A little bit of urinary incontinence after childbirth is normal, but if you notice that you are still ‘leaking’ when you cough, sneeze, or laugh weeks or months after giving birth, then you are probably suffering from stress incontinence. Under normal circumstances, nerves, muscles and ligaments all work together to support your bladder, and prevent leaks. Straining or injuring even one of these during pregnancy or childbirth can cause them to work less efficiently and that can lead to leaks.
If you suffered from stress incontinence during pregnancy, then you are more likely to have it after the birth too. Women who have had vaginal births are also more likely to develop the problem than those who had c-sections. Assisted vaginal births (when forceps and other devices are used) put you at even greater risk of developing the problem, as does being obese or if you have already had two or more children before your latest child.
In most cases, stress incontinence will start to disappear soon after birth, and within a few weeks or months, it should be gone altogether, or have become an infrequent problem. If you have had stress incontinence however, you are more likely to experience it later on, as you age.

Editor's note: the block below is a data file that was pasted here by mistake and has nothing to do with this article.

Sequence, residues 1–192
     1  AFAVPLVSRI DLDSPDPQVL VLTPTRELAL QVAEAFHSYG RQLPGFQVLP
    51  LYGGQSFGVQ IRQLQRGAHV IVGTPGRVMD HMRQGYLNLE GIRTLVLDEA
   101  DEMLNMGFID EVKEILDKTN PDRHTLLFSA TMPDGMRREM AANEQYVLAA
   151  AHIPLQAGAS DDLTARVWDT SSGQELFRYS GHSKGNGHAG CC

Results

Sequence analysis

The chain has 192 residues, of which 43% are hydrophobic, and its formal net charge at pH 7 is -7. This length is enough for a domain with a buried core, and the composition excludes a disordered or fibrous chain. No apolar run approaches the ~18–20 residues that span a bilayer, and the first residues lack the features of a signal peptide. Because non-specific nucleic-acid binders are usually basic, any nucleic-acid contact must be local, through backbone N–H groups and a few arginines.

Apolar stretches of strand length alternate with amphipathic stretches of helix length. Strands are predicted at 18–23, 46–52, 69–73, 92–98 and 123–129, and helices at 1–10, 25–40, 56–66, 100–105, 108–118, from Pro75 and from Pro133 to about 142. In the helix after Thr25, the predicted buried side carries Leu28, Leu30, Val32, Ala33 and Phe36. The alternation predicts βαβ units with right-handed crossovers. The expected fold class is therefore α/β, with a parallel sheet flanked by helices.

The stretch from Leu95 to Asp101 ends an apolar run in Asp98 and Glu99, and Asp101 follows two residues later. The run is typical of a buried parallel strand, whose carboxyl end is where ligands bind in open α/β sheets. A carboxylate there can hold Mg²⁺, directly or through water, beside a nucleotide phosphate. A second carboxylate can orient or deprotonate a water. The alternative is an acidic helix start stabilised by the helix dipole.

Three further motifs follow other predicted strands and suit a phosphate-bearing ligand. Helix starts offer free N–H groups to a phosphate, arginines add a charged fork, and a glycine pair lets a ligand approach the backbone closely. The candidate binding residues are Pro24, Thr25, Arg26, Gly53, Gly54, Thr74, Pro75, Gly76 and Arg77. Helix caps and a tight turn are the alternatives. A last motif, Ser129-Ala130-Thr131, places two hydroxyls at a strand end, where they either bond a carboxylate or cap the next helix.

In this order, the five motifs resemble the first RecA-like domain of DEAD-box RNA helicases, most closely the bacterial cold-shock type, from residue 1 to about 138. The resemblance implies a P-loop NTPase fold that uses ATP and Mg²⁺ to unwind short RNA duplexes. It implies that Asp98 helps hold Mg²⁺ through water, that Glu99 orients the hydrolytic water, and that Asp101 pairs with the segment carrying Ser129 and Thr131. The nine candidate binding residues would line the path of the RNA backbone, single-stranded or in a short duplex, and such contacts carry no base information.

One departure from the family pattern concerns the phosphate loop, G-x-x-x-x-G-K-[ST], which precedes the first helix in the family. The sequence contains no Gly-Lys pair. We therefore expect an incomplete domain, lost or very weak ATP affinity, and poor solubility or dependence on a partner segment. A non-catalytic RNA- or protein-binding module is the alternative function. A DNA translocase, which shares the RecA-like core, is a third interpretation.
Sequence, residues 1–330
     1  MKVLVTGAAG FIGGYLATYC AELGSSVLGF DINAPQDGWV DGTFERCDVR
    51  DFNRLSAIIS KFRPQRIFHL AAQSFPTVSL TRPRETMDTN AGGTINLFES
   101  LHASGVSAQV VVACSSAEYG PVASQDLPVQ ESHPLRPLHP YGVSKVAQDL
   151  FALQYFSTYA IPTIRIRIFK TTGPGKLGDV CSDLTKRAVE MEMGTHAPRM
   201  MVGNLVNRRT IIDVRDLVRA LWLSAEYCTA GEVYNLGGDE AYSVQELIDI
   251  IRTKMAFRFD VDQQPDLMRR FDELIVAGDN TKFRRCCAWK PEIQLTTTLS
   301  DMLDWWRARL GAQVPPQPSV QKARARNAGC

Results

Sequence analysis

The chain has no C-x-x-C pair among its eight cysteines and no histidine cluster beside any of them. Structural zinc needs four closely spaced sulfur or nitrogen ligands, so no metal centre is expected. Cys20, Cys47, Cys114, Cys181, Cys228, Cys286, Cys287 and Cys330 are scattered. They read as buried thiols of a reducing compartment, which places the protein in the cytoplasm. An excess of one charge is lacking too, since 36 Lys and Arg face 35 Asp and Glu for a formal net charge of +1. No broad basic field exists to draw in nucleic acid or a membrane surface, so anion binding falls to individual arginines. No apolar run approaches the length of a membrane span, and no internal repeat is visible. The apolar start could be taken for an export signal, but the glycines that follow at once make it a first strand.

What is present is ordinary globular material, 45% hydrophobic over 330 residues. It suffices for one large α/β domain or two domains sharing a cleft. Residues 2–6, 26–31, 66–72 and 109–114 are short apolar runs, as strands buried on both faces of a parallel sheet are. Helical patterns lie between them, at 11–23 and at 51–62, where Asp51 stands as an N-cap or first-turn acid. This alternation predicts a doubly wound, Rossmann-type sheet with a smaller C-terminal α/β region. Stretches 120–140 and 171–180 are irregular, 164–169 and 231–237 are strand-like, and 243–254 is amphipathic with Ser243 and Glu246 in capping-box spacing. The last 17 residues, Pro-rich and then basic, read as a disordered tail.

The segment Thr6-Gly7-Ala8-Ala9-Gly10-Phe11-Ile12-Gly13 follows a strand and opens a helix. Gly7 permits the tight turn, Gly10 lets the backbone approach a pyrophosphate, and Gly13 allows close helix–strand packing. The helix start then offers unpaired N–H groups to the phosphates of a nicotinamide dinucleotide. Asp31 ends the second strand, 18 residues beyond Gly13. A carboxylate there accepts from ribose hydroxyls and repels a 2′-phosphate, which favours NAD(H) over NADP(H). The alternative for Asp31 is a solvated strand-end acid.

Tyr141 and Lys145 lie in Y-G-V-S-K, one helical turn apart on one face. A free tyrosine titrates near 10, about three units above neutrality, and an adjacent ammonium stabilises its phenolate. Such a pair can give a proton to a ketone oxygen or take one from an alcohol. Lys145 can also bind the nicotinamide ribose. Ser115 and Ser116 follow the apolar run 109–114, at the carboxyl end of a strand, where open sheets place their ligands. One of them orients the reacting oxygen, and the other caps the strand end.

Using a sanitary pad to protect clothes from leaks can help, as can crossing your legs before you cough or sneeze. Kegel exercises can also help to strengthen muscles, and may help the problem, and going to the bathroom as soon as you feel the need to is always a good idea. Avoiding coffee (a diuretic) has been shown to help in some cases too.
If there is serious pain or burning when you urinate, or if your leaking problem does not resolve itself, speak to your doctor. In the first instance, it may indicate an infection, and in the second, you may need surgery to correct a serious problem.



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